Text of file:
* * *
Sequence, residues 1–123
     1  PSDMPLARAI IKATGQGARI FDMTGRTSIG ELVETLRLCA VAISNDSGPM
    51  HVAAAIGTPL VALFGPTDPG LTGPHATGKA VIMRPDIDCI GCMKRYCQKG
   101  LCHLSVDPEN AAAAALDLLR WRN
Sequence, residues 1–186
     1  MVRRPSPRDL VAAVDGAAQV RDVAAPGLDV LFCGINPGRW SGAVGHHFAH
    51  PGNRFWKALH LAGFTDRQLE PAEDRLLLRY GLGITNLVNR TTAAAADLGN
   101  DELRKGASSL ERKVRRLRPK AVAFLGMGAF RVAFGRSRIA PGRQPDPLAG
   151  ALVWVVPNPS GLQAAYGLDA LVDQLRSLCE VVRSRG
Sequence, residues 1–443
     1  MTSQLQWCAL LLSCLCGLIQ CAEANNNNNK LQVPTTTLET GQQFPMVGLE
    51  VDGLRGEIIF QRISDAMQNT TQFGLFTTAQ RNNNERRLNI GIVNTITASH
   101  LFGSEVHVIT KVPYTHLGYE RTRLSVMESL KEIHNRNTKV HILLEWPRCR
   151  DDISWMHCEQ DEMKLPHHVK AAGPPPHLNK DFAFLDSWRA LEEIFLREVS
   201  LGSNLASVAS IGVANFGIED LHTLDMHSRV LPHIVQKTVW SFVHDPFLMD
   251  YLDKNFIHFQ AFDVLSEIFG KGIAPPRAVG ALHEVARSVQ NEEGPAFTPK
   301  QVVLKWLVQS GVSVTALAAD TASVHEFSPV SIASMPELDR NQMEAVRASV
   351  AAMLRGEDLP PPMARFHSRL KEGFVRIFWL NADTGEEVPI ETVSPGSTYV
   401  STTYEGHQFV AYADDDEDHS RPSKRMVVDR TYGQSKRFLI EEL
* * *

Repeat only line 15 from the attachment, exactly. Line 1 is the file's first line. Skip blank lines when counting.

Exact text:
   201  LGSNLASVAS IGVANFGIED LHTLDMHSRV LPHIVQKTVW SFVHDPFLMD